It will be appreciated that various modifications of this invention can be practiced without departing from the essential scope thereof.

Claims (20)

What is claimed is:
1. A vertically storing dock leveler comprising;
a deck assembly, means at one end of deck assembly for hingedly mounting a said deck assembly to a fixed surface, means to move said deck assembly from an upright stored position to a horizontal operative position; a lip pivotably mounted to an opposite end of said deck assembly, means to move said lip and, a seal pivotably mounted on said deck assembly to close a space between said deck assembly and a floor when said deck assembly is in an operative position.
2. The vertically storing dock leveler of claim 1 wherein said seal extends over substantially the width of said deck assembly.
3. The vertically storing dock leveler of claim 1 wherein said seal comprises a resilient foam covered with fabric.
4. The vertically storing dock leveler of claim 1 wherein said seal comprises an asymmetrically shaped resilient pad, said pad buckling upon contact with said floor without substantial bulging to close said space as the deck assembly is lowered to a position below horizontal.
5. The vertically storing dock leveler of claim 1 wherein said seal is mounted on the underside of the deck assembly near said lip end.
6. The vertically storing dock leveler of claim 1 further comprising means to pivotably attach said seal to an underside of said deck assembly.
7. The vertically storing leveler of claim 1 wherein said seal comprises a wedge shaped resilient pad covered with fabric, said seal buckling and compressing upon contact with said floor to close said space as the deck assembly is lowered.
8. The vertically storing leveler of claim 1 further comprising side rails on the deck assembly to prevent a vehicle from running off the side of the leveler.
9. The vertically storing dock leveler of claim 1 wherein seal comprises a resilient pad tapered at both ends, said pad buckling inward following contact with said floor to close the space as said deck assembly is lowered below a horizontal position.
10. The vertically storing dock leveler of claim 1 further comprising means to said lock to deck assembly into said stored position.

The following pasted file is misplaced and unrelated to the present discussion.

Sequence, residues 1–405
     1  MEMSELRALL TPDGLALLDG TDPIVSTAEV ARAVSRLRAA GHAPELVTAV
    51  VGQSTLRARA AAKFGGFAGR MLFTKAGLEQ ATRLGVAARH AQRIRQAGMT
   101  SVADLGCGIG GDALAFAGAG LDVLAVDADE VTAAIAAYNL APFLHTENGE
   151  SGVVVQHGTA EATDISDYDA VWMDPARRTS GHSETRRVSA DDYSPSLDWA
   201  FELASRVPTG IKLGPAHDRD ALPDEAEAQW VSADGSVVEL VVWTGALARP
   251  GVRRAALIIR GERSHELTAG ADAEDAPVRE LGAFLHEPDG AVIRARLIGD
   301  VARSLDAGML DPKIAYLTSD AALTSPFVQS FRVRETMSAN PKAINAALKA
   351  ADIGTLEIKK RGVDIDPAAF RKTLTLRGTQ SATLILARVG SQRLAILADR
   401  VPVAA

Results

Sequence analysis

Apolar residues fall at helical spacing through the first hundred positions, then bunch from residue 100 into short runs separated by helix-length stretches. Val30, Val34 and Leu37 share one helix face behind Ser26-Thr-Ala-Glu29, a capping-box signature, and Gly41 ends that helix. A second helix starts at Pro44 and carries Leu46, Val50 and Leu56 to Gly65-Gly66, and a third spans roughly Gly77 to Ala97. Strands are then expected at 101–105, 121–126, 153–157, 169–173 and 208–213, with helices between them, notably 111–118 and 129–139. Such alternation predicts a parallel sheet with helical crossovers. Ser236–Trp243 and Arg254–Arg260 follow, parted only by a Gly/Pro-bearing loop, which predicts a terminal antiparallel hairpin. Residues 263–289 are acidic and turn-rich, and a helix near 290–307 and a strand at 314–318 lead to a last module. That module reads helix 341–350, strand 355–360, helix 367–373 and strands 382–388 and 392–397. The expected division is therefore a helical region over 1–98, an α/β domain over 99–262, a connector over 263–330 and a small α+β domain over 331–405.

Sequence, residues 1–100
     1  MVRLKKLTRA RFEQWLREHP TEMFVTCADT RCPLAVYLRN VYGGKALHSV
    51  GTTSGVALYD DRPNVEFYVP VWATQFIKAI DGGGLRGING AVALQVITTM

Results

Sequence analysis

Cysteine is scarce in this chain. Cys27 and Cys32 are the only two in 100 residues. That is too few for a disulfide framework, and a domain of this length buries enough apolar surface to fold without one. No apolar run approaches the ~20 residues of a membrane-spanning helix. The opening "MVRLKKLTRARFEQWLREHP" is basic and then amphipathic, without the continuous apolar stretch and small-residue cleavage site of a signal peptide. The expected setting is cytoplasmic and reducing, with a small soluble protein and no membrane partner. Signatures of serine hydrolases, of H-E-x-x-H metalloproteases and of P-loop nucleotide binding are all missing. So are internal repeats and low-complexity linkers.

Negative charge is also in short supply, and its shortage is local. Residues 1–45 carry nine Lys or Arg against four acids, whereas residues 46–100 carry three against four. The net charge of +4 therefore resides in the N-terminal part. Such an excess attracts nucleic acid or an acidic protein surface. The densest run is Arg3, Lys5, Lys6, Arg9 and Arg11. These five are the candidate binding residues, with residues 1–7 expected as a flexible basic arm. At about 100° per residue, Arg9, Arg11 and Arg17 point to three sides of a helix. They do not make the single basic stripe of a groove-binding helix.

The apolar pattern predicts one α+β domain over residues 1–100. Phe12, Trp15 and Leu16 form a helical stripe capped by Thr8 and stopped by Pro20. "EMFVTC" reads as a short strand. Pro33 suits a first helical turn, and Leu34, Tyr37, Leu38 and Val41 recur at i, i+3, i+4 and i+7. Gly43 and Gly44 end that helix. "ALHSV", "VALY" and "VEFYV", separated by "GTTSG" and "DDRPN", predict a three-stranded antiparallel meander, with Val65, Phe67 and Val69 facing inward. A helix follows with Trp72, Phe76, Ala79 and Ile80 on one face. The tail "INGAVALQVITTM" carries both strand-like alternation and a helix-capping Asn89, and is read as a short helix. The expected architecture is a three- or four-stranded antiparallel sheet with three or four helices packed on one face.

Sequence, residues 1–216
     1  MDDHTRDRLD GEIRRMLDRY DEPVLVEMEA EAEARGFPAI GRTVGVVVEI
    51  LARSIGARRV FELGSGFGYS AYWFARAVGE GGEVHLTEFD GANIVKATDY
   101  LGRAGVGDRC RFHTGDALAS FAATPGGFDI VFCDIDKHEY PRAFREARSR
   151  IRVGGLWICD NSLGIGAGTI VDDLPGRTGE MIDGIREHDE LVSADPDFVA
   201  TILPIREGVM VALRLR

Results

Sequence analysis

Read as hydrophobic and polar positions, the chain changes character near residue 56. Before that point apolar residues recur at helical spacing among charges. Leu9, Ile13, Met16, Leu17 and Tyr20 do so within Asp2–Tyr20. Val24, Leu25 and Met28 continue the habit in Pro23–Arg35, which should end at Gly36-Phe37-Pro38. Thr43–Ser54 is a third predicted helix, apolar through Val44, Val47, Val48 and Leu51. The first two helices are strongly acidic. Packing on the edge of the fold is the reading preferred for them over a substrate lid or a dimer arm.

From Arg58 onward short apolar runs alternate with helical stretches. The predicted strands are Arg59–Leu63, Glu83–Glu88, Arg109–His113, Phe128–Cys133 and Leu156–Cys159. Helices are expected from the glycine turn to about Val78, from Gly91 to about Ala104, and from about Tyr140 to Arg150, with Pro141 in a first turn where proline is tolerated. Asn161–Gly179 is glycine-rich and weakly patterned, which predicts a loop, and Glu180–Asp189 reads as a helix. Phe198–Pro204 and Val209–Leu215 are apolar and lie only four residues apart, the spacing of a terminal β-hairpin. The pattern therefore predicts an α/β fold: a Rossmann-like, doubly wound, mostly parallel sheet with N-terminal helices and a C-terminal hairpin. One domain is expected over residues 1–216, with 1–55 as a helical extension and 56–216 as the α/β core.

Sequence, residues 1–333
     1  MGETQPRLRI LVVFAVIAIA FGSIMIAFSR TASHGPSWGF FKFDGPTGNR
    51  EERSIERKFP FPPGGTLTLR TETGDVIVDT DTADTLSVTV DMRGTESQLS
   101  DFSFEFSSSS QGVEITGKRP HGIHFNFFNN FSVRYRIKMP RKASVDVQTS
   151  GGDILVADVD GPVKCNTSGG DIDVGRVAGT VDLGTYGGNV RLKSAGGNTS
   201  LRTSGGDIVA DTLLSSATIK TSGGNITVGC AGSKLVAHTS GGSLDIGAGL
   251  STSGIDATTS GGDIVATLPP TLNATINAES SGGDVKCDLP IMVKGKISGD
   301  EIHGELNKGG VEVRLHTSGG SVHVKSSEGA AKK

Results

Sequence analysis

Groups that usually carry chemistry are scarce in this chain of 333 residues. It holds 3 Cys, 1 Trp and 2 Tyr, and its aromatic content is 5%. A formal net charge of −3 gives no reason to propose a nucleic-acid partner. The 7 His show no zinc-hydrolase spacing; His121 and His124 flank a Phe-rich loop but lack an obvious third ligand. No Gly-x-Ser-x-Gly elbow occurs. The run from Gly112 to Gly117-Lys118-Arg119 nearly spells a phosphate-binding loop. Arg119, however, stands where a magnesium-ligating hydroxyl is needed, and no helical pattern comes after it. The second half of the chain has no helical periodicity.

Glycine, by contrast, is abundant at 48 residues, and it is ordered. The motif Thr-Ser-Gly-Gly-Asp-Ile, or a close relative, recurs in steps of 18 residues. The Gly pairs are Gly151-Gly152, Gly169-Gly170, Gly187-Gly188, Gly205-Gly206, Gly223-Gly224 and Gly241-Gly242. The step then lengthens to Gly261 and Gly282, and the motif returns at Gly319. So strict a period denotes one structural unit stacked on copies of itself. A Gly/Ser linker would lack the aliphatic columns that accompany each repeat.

11. A vertically storing dock leveler comprising:
a hingedly mounted deck assembly having at one end a movable lip; means to move deck assembly and lip, deck assembly mounted to a fixed surface including a generally horizontal floor, said deck assembly stored in a substantially vertical position and lowered into a substantially horizontal operative position, a first seal mounted on said deck assembly to close a space between deck assembly and floor when said deck assembly is in an operative position by contacting the ground and deforming and, a second seal carried by said dock leveler to seal a space between sides of said leveler and an adjacent surface.
12. The vertically storing dock leveler of claim 11 wherein said first seal extends beyond the width of deck assembly.
13. The vertically storing dock leveler of claim 11 wherein first seal comprises a resilient foam covered with fabric.
14. The vertically storing dock leveler of claim 11 wherein first seal comprises a wedge shaped resilient pad, said pad buckling upon contact with floor to close said space as deck assembly is lowered and bending as no deck assembly is lowered below dock level.
15. The vertically storing dock leveler of claim 11 wherein second seal is mounted to sides of said deck assembly near said lip.
16. The vertically storing dock leveler of claim 11 wherein said second seal comprises a wiping member mounted to said lip and wherein said second seal has a flange mounting it to said lip.
17. The vertically storing leveler of claim 11 wherein said second seal comprises a first resilient wiper member mounted to said deck assembly and a second wiper member mounted to said lip, wherein said first and second wiper members seal a space between said dock leveler and an adjacent lateral structure.